We sailed on to Union Island (a couple of our boats “did” Palm Island on the way). We sailed past Chatham Bay and Frigate Island and determined they would be great places to stop in the future, but went on to Clifton. While we had intended to anchor off Newlands Reef it seemed to already be packed “door handle to door handle” so we did a Med-mooring at Bougainvilla. The crew (and I) really liked being on a dock and able to walk whenever we wanted to town, etc. Note that Bougainvilla does not have the usual amenity: showers! Clifton has a colorful town square with many produce and flower shops. Also internet, ATM, etc. We had dinner at Bougainvilla which was very good (and enjoyed watching all the fish in the aquarium and the lobster having their last swim.)
Some of the crew then found a local watering hole and evidently had quite a night of it – at least that is what I gathered when they woke up about noon the next day.

We then sailed on to Petite St. Vincent – a little bit of heaven! While I aspire to be able to someday actually stay at the resort (about $900/night) we did enjoy the bar and even I liked the boutique (interesting items at REALLY cheap prices.) Some walked the beach around the island, others just sunned on the beach and some of us snorkeled around Mopion Island (recommend actually snorkeling west of the island near the “rock pile” marking the channel.) We had intended to dingy over to Petite Martinique but it was Sunday and all the shops were closed, the next day we “didn’t feel like it.” I lost the starboard transmission on my boat while in the process of raising the anchor, didn’t get it back for the rest of the trip, and so had to be rather careful to not get into any situation needing much maneuverability.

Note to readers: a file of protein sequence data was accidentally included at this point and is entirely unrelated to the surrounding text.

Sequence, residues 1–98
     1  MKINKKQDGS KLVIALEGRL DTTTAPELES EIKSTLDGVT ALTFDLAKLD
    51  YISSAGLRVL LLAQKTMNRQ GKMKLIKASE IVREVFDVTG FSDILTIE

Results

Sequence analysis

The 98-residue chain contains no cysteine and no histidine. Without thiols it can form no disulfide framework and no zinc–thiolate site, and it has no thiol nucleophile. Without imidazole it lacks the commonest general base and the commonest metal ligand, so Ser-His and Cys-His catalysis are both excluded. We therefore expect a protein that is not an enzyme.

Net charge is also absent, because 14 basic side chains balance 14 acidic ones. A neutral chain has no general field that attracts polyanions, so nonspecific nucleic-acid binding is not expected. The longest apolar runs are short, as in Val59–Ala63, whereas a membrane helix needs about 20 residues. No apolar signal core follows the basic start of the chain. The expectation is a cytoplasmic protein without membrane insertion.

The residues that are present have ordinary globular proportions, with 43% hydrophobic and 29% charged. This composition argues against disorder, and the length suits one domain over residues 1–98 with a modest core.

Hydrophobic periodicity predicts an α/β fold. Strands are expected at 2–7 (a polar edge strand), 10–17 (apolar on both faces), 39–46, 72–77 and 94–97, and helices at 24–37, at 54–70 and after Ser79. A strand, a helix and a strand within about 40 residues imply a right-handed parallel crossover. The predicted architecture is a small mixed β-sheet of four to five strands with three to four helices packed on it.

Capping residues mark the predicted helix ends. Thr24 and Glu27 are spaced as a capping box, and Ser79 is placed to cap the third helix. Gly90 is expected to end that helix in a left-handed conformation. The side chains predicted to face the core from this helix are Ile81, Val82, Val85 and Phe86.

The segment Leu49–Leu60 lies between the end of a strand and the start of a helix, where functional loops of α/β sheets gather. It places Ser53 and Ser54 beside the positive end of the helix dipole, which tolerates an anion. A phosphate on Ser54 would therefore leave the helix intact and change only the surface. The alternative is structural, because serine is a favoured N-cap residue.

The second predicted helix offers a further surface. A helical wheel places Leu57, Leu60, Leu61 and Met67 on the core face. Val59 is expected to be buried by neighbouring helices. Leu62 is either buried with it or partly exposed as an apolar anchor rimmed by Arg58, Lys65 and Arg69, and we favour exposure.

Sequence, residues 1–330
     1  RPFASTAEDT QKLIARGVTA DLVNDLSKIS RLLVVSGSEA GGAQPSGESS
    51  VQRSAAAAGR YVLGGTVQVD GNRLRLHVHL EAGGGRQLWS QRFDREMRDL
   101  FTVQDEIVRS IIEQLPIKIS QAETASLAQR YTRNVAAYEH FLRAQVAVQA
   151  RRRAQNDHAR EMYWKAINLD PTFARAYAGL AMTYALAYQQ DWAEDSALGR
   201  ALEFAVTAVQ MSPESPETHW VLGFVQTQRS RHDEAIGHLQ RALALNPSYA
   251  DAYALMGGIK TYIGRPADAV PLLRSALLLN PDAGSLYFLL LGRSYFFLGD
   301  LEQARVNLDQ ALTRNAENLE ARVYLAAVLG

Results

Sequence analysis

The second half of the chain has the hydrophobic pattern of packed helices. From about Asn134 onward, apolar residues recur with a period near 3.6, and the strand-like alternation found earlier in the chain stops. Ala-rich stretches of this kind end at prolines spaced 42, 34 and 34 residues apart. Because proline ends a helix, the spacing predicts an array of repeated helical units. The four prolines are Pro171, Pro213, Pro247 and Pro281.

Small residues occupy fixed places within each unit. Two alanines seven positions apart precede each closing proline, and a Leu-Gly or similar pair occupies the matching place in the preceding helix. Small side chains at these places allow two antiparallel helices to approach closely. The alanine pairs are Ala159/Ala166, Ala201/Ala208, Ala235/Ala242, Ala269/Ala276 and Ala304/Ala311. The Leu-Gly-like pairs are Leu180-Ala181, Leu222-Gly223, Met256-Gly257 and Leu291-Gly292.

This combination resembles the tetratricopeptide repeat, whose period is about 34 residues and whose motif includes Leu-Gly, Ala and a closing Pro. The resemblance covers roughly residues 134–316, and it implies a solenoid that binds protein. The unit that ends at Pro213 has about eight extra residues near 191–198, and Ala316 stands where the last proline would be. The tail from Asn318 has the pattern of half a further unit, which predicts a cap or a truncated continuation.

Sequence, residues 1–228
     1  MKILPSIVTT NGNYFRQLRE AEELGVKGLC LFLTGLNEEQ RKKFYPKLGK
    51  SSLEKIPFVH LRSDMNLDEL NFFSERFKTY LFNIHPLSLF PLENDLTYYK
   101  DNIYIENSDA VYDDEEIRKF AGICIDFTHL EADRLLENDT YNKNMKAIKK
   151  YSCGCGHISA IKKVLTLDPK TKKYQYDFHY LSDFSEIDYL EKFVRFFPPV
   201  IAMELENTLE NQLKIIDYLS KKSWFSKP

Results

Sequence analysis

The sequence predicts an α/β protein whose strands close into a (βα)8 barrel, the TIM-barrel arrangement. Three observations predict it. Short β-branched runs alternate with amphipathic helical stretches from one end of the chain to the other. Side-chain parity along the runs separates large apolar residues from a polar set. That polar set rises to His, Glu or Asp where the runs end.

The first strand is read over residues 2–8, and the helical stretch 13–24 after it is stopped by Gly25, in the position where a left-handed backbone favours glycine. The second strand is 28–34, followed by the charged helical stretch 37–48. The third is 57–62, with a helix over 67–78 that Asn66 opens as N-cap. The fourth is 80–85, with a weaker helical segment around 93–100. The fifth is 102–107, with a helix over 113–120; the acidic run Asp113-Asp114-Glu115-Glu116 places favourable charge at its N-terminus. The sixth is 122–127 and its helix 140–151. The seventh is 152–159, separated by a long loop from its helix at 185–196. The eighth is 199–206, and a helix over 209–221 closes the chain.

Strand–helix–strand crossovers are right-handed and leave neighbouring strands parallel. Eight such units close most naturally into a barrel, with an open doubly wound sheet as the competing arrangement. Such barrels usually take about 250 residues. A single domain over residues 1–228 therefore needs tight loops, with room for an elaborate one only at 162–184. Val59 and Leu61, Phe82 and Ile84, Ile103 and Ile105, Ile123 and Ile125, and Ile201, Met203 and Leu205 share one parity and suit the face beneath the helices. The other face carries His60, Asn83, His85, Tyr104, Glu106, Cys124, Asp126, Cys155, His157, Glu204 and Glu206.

After PSV, we started “back up” to St. Vincent with Canouan the first stop. Given my lack of maneuverability I tucked into the northern part of the bay, outside the Moorings mooring field, just past the green mark. That is actually a good spot as it seemed to be to the north of the wind blasts that came down from the hills. While our other boats then when on to Bequia, I waited another day in Canouan for some combination of Barefoot and their mutual arrangement with Moorings to fix my transmission. The only thing that happened was that then the mechanic couldn’t start the engine and determined a new starter was needed. The next morning Barefoot flew a new starter from SVD, but LIAT evidently flew it all around the Caribbean instead of dropping it in Canouan!